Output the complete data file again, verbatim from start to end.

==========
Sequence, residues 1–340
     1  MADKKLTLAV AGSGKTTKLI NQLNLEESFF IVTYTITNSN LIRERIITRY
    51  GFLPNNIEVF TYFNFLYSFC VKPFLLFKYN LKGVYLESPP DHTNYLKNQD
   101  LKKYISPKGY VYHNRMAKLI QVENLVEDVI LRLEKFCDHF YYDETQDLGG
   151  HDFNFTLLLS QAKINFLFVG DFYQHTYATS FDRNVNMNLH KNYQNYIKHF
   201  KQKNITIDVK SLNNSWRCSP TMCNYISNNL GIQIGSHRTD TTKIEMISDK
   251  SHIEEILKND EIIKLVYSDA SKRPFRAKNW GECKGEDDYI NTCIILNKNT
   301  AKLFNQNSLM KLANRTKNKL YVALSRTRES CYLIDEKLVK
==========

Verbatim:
Sequence, residues 1–340
     1  MADKKLTLAV AGSGKTTKLI NQLNLEESFF IVTYTITNSN LIRERIITRY
    51  GFLPNNIEVF TYFNFLYSFC VKPFLLFKYN LKGVYLESPP DHTNYLKNQD
   101  LKKYISPKGY VYHNRMAKLI QVENLVEDVI LRLEKFCDHF YYDETQDLGG
   151  HDFNFTLLLS QAKINFLFVG DFYQHTYATS FDRNVNMNLH KNYQNYIKHF
   201  KQKNITIDVK SLNNSWRCSP TMCNYISNNL GIQIGSHRTD TTKIEMISDK
   251  SHIEEILKND EIIKLVYSDA SKRPFRAKNW GECKGEDDYI NTCIILNKNT
   301  AKLFNQNSLM KLANRTKNKL YVALSRTRES CYLIDEKLVK